The word کسب (earns) has been used here with regard to the doing of good deeds and اکتسب (incurs) for the doing of evil deeds. They are from the same root but the latter denotes greater exertion. Thus the words hint that a man will be rewarded for good deeds even if they are done casually and without concentrated effort, while he will be punished for his evil deeds only if they are committed deliberately and with concentrated effort.
In ordinary circumstances, نسیان (forgetfulness) and خطاء (error) are not punishable, for they lack intention or motive which are necessary for punishment. But here the words denote a forgetfulness and an error which might have been avoided, if due care had been exercised.
As explained under Important Words above, the word اصر (responsibility) has several connot-ations, all of which are applicable here. Hence, the verse may also be translated as (a) Impose not on us a sin, i.e. enable us to avoid sin and prevent us from the doing of deeds which might make us stumble; (b) Do not punish us if we commit some sin or break some covenant; (c) Taking the expression لاتحمل علینا to mean, as it literally does, do not make it ride us or do not mount it on us, the clause may also be rendered as, do not make a responsibility or a covenant mount on us as Thou didst mount it on those before us. The simile is beautiful. divine covenants are meant to help the people in their onward march; but sometimes, through abuse or breach, they become a burden, instead of a help, thus turning into a rider in place of a riding beast. Muslims are taught to pray against such an eventuality.
The words, lay not on us a responsibility as Thou didst lay upon those before us, do not mean that Muslims have been taught to wish for lighter burdens. The facts of history belie that inference. The words only mean that God may help Muslims to fulfil their responsibilities and to avoid sins as well as the consequences thereof. The previous peoples were entrusted with some responsibilities and given certain commandments which were all for their own good, but many of them failed to fulfil them and also rejected Islam to which they had been invited and thus turned a blissful guidance into a veritable means of incurring God’s displeasure. Thus, they were virtually laid under an isr or a burdensome responsibility. Muslims, being the bearers of the final and universal Shari‘ah, have been exhorted to set a better example and pray to God for success in their great task and in the fulfilment of their heavy responsibilities. The laying of burden or burdensome responsibility has been attributed to God just as in the Quranic idiom ضلالة (misguidance) is sometimes attributed to Him for which see 2:7.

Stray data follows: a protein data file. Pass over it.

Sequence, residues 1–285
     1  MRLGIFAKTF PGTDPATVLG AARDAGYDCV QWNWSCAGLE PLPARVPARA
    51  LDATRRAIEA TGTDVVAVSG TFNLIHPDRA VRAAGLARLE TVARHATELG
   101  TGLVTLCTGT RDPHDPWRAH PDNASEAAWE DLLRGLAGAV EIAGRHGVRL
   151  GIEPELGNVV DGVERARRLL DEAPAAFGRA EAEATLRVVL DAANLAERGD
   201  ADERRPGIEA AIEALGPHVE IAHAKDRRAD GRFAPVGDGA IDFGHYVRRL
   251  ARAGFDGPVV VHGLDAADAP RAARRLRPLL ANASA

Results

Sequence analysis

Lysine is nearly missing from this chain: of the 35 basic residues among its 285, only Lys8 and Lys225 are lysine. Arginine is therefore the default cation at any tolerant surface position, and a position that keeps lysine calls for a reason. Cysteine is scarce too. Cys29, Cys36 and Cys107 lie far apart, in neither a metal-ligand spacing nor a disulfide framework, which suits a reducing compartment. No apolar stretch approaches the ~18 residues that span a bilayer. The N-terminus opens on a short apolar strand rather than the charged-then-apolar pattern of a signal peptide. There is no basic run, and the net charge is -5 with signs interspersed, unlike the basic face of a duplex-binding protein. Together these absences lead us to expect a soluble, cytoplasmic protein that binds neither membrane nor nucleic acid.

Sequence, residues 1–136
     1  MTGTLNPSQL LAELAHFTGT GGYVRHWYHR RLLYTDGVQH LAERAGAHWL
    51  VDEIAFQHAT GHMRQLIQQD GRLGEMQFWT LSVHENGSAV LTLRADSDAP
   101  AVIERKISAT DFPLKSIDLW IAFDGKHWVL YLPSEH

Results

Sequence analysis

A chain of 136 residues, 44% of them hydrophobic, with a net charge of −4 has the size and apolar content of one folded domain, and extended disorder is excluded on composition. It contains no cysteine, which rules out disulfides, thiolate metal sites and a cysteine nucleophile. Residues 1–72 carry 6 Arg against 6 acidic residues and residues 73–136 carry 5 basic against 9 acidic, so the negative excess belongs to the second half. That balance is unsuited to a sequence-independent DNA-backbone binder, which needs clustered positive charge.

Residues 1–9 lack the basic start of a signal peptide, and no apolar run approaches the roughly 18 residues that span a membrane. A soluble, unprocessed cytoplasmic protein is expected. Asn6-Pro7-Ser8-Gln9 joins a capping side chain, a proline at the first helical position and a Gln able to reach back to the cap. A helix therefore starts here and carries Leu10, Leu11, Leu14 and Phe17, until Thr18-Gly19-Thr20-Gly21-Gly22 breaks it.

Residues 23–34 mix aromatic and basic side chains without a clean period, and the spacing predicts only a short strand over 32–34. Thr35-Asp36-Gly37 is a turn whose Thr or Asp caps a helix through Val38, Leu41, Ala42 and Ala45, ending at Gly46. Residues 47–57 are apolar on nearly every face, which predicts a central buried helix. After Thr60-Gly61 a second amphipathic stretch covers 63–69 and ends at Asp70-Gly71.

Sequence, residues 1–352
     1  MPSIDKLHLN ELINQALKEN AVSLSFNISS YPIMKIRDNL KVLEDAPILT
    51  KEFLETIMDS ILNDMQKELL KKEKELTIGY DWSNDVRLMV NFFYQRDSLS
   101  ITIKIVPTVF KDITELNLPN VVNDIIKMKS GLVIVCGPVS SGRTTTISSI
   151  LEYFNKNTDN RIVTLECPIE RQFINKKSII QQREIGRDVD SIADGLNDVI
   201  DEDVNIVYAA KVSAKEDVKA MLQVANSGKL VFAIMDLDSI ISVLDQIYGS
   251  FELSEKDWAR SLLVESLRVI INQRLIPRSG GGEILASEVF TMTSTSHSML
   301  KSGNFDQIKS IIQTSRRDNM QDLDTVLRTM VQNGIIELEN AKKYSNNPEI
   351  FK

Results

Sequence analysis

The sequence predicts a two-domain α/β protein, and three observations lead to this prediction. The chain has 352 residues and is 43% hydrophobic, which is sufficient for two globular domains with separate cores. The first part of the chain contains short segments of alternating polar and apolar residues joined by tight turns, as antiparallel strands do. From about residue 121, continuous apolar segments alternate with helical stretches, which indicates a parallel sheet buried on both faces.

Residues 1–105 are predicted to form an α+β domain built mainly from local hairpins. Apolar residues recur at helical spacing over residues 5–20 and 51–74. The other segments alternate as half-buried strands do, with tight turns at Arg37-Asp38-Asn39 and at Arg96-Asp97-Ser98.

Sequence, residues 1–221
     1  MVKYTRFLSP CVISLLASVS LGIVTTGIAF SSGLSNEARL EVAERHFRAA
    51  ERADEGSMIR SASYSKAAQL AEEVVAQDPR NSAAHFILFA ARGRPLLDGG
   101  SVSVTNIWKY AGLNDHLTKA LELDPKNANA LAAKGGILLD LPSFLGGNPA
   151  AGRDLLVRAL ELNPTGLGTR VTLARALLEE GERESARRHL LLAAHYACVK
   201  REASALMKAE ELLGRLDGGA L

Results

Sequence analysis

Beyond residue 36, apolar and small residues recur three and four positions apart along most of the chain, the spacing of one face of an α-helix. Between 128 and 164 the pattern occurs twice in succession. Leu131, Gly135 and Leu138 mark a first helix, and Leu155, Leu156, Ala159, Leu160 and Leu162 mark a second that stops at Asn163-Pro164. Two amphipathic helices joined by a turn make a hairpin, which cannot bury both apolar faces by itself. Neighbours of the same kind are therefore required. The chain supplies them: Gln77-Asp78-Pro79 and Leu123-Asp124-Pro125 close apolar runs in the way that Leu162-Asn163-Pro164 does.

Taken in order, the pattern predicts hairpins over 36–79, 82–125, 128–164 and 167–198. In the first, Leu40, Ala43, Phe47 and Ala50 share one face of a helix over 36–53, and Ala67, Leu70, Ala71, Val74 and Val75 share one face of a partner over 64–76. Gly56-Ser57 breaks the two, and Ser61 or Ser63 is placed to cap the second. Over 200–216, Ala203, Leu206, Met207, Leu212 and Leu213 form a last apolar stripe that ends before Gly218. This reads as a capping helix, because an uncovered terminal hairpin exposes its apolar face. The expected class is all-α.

The clause, lay not on us a responsibility as Thou didst lay on those before us, may also refer to Christians particularly who, by declaring the Law to be a curse, converted a divine mercy into an isr, i.e. a burden and a punishment. Muslims are thus taught to pray that for them the Shari‘ah may always remain a mercy. In this case the verse comes as a fitting preamble to the succeeding Surah of which Christianity forms the special theme.
The clause, and efface our sins and grant us Forgiveness and have Mercy on us, comprises three important invocations placed in perfect order. They not only correspond to the preceding three prayers but also constitute a perfect manifestation of a perfect treatment on the part of a perfect Master. فاعف عنا means that God may efface our sins and leave out no trace of them to be seen by men. اغفرلنا means that He may not only efface our sins but also grant us forgiveness so that He Himself may treat them as non-existent. And ارحمنا means that God may not only efface our sins and forgive us but also show positive mercy to us.
The concluding clause, help us Thou against the disbelieving people, provides a fitting ending to the Surah. The Muslims are out for a great struggle. The entire world of کفر (disbelief) is arrayed against them and the field of work, as hinted in Abraham’s prayer (2:130), is wide and far-stretched, extending over (1) heavenly signs, (2) laws and covenants, (3) wisdom and philosophy, (4) morals and spirituality, and (5) general progress. This was a stupendous task and unless God came to their help, there was little hope for that tiny Muslim community that was just emerging into existence. But God did come to their help. (close)